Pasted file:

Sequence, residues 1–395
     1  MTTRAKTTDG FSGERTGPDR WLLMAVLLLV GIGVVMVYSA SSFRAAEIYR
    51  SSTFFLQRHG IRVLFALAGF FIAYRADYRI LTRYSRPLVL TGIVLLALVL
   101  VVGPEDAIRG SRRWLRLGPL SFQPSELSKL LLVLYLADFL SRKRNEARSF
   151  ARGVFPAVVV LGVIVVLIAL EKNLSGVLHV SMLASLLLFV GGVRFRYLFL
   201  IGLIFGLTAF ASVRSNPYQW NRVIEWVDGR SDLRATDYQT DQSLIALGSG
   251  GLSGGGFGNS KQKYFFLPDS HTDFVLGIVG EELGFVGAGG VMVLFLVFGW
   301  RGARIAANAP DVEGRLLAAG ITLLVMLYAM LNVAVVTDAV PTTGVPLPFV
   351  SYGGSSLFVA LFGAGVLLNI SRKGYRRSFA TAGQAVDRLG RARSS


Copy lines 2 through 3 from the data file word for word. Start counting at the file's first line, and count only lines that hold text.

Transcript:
     1  MTTRAKTTDG FSGERTGPDR WLLMAVLLLV GIGVVMVYSA SSFRAAEIYR
    51  SSTFFLQRHG IRVLFALAGF FIAYRADYRI LTRYSRPLVL TGIVLLALVL